PRINT January 1999


Visitors to the 1995 group show “Domestic Violence” were in for a surprise when they first set foot on what looked like the solid floor of the exhibition space. For the show, installed in the Milan home of gallerist Giò Marconi, Massimo Bartolini had covered the entire walking space of the living room with mattresses, over which he laid a second surface of tiles. On top of this false floor, he then replaced the room’s furniture, which wobbled and swayed as viewers stepped across the new, cushy ground.

Bartolini’s installations tend to more or less subtly alter our experience of the environments in which they are encountered. Frequently, the work’s “foundation,” which appears as solid and certain as the ground beneath one’s feet, is ingeniously destabilized. The space the artist offers to our experience is riddled with deceptions, a minefield for the senses.

Consider the Italian artist’s 1996 show at the Galleria Giò Marconi. In the gallery’s office, a chair, table, lamp, and bookcase were embedded so as to appear as though they had sunk several feet into the floor, while the window appeared to have slid down the wall. The environment was all the more surreal as the rest of the gallery was left unaltered.

More recently, Bartolini’s signature interventions in the physical environment have been augmented not only with effects of light and more complex technological interventions but with subtle cultural allusions. At Atra in Milan in 1996, the small gray stone sculpture he exhibited, a mountain in miniature brought to mind the hilly landscapes of Fra Angelico and other Tuscan painters of the early Renaissance. For the opening of the show, the artist had attached a device controlling the gallery’s lighting system to the heel of a shoe worn by a visitor. When the person was stationary, the room went dark. (During the show’s run, the mechanism was linked to the movements of the gallery owner, ironically impeding her from working in a normal fashion.) The allusive nature of the small sculpture, its connection to cultural memory and oblivion, was underlined through the alternating light and darkness in the exhibition space.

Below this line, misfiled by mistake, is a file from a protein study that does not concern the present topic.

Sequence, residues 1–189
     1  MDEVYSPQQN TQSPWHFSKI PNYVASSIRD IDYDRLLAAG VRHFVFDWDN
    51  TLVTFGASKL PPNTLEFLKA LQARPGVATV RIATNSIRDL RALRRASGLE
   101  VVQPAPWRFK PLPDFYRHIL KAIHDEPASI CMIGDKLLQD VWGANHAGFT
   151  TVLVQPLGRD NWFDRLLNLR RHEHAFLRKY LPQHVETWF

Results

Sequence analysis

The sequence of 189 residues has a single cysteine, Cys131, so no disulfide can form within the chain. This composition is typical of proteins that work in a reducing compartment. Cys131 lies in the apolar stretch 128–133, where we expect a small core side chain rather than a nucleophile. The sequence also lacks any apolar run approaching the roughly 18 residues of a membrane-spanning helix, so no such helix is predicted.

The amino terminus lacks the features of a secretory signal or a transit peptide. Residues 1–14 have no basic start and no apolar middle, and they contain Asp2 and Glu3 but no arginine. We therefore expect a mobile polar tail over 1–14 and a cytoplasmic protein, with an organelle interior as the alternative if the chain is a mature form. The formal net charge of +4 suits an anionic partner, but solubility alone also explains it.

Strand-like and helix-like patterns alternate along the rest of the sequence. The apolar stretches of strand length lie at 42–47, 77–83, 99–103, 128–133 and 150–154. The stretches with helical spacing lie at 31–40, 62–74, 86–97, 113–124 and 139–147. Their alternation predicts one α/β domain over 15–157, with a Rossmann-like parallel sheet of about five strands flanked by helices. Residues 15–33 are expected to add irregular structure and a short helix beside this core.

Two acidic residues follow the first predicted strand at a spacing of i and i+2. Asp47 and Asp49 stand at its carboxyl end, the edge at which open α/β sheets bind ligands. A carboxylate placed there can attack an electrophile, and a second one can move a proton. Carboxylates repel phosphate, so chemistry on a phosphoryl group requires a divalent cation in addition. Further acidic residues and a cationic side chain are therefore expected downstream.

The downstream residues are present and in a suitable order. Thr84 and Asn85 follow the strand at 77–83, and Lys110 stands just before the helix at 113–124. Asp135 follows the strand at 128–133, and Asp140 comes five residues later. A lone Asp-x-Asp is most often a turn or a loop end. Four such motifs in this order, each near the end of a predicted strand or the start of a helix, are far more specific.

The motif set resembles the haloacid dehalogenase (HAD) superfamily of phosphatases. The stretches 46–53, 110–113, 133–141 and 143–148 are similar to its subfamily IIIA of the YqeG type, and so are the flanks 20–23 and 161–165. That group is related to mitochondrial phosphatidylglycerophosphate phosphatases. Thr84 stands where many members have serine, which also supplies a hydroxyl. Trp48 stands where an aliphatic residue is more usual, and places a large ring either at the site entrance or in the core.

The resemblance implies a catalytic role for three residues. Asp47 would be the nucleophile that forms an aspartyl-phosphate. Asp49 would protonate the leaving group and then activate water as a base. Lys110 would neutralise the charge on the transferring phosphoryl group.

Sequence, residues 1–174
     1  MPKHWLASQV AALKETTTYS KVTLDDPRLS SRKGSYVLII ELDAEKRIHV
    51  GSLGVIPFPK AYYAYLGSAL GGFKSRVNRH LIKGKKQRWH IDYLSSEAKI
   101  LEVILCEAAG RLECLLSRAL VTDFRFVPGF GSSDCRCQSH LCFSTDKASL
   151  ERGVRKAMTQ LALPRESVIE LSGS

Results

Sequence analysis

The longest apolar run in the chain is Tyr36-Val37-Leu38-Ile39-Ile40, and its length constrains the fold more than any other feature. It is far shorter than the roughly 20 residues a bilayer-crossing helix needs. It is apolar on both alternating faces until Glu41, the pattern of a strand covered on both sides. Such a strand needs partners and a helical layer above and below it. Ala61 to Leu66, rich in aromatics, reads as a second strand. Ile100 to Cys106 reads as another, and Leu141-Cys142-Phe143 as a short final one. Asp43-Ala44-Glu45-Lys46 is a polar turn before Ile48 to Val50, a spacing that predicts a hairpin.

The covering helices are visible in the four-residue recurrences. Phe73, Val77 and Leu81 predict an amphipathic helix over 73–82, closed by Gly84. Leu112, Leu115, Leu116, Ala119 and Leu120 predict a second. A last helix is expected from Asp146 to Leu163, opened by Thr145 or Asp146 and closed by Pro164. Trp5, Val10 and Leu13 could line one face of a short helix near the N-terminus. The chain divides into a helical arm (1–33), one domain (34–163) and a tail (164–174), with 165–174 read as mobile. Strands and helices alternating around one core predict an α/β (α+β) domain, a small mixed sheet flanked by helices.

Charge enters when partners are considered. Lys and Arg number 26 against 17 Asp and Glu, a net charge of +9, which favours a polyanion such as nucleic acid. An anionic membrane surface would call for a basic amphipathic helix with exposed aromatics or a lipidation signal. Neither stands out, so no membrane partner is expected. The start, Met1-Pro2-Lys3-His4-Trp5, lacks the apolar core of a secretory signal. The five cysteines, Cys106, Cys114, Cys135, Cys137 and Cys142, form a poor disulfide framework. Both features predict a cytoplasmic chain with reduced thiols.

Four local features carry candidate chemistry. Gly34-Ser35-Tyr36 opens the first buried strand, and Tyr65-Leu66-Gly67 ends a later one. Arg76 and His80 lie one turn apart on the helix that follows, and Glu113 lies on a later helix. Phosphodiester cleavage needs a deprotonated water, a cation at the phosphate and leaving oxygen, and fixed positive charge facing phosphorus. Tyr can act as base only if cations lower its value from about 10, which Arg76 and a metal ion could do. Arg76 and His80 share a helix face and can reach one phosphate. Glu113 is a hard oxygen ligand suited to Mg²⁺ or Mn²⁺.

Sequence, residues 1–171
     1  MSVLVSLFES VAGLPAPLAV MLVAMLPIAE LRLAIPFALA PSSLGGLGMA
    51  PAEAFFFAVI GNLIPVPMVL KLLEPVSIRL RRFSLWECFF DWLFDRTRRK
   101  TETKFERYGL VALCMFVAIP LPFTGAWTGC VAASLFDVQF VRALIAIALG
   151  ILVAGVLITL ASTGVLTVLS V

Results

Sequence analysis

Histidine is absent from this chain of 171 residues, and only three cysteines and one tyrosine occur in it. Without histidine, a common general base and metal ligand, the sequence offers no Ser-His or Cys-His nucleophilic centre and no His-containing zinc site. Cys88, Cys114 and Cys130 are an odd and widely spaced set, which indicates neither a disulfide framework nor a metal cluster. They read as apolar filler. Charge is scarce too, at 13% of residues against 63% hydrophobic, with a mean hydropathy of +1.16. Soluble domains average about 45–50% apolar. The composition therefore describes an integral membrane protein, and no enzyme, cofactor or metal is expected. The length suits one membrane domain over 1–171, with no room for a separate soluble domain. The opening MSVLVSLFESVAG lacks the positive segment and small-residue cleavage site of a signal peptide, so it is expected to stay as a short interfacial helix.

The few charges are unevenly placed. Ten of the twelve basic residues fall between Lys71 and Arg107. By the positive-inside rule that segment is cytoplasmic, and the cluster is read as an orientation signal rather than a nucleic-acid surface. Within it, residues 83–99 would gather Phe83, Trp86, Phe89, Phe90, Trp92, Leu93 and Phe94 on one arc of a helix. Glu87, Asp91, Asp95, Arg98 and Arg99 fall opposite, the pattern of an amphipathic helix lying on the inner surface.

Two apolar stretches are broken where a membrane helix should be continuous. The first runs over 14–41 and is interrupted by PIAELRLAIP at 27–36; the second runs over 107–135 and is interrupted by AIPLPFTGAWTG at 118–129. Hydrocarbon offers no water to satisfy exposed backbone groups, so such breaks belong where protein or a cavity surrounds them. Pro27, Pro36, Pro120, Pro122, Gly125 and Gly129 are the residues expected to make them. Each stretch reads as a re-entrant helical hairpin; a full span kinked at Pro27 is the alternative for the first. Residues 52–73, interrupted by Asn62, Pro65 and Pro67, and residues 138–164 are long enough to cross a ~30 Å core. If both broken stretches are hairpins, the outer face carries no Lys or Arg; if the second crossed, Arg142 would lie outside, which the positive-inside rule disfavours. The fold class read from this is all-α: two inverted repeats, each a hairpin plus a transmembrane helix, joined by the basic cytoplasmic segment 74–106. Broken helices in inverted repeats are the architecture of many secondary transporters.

Bartolini has used lighting in recent shows to give rise to abstract, ascetic environments that seem to propose an embodiment of pure, immaterial energy. In the series of installations he refers to as Testa (Head), the corners of rooms have been rounded off in such a manner that light is uniformly diffused throughout, without any resulting shadows. In one case, the installation that he displayed in 1997 at the Massimo de Carlo Gallery in Milan, the artist complicated things through yet another level of intervention, a blinding projection of luminous arrows. Flashed on the walls, the arrows moved in sync to a rapid drumbeat loudly transmitted at regular intervals.